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olympian hills bakersfield ca

Olympian hills bakersfield ca

But on Friday, K. Hovnanian’s chief legal counsel said the Arvin tract is not necessarily terminating new construction.

No markings indicated this was the Castellina tract of Dallas-based Centex, which announced the new neighborhood’s opening in October.
“Because of current housing market conditions, we have stopped operations in Castellina,” said Centex spokeswoman Julie Callahan in an e-mail response to a phone message. “In the meantime, we will maintain the site appropriately.”

Two major builders have abandoned housing projects near northeast Bakersfield’s City in the Hills development. A third is halting construction at an Arvin site it recently said was going forward.
“No decision has been made to close our Arvin communities,” said Joseph Manisco in an e-mail. “Any comment to the contrary would, presumably, be based on speculation as a result of the challenging real estate market in which we currently find ourselves. As long as our customers tell us they want homes in Arvin, we will be building them.”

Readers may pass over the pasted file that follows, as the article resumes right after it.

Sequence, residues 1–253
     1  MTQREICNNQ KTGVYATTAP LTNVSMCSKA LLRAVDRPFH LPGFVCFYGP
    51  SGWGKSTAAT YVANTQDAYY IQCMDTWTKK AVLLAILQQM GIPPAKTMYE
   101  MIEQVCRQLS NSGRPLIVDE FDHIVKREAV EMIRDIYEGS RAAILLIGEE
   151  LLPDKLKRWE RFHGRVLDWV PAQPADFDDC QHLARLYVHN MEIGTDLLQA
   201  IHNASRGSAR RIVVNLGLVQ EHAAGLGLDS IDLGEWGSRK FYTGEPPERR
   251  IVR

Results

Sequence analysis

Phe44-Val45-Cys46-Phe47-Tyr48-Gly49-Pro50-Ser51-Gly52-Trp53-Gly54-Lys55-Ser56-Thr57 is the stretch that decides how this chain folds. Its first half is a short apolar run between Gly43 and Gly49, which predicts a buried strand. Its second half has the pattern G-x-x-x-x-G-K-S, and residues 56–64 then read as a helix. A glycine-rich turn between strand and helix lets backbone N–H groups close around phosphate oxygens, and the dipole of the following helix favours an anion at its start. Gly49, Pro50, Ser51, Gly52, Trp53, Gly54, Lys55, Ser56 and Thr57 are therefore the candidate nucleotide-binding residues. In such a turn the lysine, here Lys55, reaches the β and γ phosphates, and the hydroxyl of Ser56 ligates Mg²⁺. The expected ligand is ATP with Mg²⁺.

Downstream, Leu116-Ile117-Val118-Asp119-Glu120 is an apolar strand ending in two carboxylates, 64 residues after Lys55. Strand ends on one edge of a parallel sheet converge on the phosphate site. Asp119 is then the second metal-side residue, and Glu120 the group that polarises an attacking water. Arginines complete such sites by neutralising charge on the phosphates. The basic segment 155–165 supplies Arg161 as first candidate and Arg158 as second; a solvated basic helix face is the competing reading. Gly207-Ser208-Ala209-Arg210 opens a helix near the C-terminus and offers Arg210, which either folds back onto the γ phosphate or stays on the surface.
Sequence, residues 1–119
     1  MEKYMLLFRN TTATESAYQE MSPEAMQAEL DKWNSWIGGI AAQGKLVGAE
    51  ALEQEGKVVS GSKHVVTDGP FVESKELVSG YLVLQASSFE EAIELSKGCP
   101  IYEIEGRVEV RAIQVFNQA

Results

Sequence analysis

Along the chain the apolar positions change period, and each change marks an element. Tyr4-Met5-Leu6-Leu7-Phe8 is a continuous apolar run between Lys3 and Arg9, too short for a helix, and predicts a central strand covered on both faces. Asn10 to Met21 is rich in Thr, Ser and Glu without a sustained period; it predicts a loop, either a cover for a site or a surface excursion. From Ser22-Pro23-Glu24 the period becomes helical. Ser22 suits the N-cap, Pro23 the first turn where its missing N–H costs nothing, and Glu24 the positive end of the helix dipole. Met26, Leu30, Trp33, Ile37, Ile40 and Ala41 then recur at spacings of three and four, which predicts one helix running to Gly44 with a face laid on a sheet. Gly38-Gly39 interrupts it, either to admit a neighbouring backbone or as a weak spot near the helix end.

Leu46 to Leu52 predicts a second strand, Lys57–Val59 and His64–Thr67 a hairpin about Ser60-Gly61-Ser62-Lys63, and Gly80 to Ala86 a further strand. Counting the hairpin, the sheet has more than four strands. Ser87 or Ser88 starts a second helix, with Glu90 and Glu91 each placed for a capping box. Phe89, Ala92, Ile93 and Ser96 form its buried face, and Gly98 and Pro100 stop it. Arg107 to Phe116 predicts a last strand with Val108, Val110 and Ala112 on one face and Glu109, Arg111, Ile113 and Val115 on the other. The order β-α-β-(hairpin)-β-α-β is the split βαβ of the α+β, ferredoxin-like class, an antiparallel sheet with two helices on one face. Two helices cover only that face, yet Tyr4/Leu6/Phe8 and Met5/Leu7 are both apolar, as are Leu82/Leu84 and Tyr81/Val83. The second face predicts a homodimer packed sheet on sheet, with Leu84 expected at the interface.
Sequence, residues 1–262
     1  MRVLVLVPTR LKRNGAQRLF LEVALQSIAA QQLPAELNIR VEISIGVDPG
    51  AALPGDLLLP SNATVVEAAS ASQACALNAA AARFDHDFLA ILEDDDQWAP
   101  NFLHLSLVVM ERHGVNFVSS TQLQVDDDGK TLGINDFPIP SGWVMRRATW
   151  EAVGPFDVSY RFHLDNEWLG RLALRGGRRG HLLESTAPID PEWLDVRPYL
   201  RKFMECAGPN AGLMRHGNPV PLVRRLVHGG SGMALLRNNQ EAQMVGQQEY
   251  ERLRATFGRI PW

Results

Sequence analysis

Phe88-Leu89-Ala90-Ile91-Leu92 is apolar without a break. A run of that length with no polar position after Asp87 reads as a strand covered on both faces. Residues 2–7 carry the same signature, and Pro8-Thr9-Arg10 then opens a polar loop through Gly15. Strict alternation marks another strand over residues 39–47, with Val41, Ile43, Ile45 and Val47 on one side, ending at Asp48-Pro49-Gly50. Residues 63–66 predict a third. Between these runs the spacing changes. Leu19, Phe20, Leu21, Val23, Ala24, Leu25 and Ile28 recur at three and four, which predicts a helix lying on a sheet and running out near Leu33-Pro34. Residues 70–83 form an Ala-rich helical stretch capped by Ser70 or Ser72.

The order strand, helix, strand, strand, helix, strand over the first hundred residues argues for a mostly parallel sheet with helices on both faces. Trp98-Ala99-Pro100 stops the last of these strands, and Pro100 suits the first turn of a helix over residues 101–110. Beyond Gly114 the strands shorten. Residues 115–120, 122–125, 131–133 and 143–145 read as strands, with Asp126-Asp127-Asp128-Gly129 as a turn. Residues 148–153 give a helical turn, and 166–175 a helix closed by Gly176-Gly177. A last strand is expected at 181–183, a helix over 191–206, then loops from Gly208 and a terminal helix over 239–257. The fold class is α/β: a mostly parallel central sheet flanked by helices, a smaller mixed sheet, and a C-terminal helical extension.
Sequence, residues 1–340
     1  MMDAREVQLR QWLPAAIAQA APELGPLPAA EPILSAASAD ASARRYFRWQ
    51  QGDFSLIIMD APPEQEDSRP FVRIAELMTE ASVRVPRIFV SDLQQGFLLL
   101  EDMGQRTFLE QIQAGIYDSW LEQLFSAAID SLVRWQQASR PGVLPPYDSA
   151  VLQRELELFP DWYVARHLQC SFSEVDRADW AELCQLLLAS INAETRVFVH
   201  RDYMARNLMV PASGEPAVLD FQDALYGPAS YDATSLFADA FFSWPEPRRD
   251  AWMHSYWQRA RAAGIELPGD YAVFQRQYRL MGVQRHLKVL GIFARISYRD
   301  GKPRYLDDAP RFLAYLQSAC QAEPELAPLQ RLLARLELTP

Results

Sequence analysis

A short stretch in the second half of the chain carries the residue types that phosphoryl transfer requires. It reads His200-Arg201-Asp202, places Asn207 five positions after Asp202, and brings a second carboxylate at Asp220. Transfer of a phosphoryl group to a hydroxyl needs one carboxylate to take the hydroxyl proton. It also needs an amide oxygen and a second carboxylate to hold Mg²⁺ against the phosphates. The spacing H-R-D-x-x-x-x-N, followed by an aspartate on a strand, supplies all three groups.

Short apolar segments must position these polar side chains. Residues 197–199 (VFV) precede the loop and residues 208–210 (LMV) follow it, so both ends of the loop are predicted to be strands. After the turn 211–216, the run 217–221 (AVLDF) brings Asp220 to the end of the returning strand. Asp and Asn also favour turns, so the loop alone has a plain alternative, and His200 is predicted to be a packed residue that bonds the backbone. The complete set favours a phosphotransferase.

Another national builder with a local presence, Atlanta-headquartered Beazer Homes, formally pulled out of Fresno in June, as well as recently leaving Colorado.
Last month, the Los Angeles headquartered national homebuilder sold a different northeast parcel for $765,000 — about $2.5 million less than it paid for the land in 2005.
Joseph Manisco, K. Hovnanian’s chief legal officer at the company’s Southern California regional office in Ontario, did not return calls seeking confirmation of the stoppage Thursday.

Dumped outside the trailer’s locked door — where three faded business cards are wedged, one from a county code compliance officer — are blueprints, engineer’s reports and a heap of new homeowner’s binders.

Two major builders have abandoned housing projects near northeast Bakersfield’s City in the Hills development. A third is halting construction at an Arvin site it recently said was going forward.